This is another one of those posts where I am going to begin by apologising for being a bit lax in my posting of late. Life just seems to get really busy sometimes and the first thing to go, it seems, is my written reflections here. A lot has happened in the last couple of weeks so this is probably going to be a bit of everything kind of post and probably reasonably long.
I will start with the freshest in my mind, relational thinking with my year 8s. I just finished another 90 minutes with the students in Minecraft trying to visualise a thinking process to solve a problem, despite my concerns that other week regarding their inability on a Friday afternoon. Upon reflection on that lesson and those that have occurred since, and also after talking to students about it and getting their feedback as to why they thought it did not go well, I have concluded that perhaps I left the exploration phase too long for those who couldn't do it so they disengaged.
So what have I done since then to improve the situation? Well I have had both paper/pen classes and Minecraft classes. In both we discuss possible strategies for solving problems, try to visualise them and share our ideas. Also I think that perhaps the multiplication relational thinking is a bit harder to visualise in Minecraft than the other operations, I am not sure why I feel this way yet, I just do. More reflection required.
Also I moved away from the restrictive format I had the students in, where they were working in a group, in a closed space and then had to share. I ran a open world where students could put their own 'decorations' around their calculation, so if the problem and thinking got too much, they could distract themselves by building rather than turning off completely. I also gave students a range of problems to choose from, rather than forcing them to do a particular one.
On top of those alterations I also kept a closer eye on how students were progressing, to the point today where I had 5 or 6 'experts' roving around the room helping students who were stuck. I think giving those students the responsibility of teaching others not only reinforces their own knowledge, but also gives them a sense of pride. Even better, the students who didn't get it were not upset to be taught by other students, in fact many students were extremely happy to see how simple it could be to solve the problem.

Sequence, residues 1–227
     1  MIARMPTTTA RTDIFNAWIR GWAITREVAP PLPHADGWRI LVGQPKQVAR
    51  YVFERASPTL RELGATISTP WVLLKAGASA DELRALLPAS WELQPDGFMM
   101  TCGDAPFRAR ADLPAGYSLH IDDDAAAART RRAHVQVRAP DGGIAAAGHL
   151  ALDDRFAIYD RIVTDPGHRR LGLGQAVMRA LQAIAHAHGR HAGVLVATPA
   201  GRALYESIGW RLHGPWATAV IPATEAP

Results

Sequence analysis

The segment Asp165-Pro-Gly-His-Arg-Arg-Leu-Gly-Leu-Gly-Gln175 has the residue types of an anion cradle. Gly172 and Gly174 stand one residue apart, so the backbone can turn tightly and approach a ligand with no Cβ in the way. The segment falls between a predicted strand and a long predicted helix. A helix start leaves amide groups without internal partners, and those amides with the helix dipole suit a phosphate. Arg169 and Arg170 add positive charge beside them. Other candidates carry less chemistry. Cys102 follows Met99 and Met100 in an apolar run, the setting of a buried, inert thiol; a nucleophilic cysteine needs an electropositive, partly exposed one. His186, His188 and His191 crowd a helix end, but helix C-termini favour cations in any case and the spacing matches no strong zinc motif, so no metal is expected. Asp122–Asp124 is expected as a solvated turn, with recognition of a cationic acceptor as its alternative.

Now onto the Pre-CAL Numeracy world. Things are progressing nicely, more students are doing more homework and worksheets than I initially envisioned, which is awesome. It also means that a lot of the students are 'cashed up' with thousands of dollars to spend. So we are really starting to focus on getting loan applications and business proposals in. Students seem to have the percentage work well under control, so it is time to move onto the next topic, which I think will be costing things, be it their house, business or whatever, but also doing it effectively in a spreadsheet. I wanted to be so much farther along with this project than we are, however I think that the inconsistency of many students attendance is what is slowing us down and unfortunately there is not a lot I can do about that.
The last topic to cover today, and thanks if you have gotten this far, is the Braille Periodic Table. It has been a great success in helping the student see it the Periodic Table the way it is designed to be seen. We sent off an explanation and pictures to our local supplier of vision impaired materials and they sent the info out to the south Pacific region. I am offering these for sale, so if you happen to know someone or a school/library/provider/foundation that would benefit from this please get them to email me at eduelfie @ gmail . com (without the spaces) and we will sort something out. I can ship worldwide, so as long as they use Unified English Braille this will be suitable.
As always thanks for reading, feel free to leave a comment below and please if you know anyone who is vision impaired and would like to see the Periodic Table as it is designed to be seen let me know.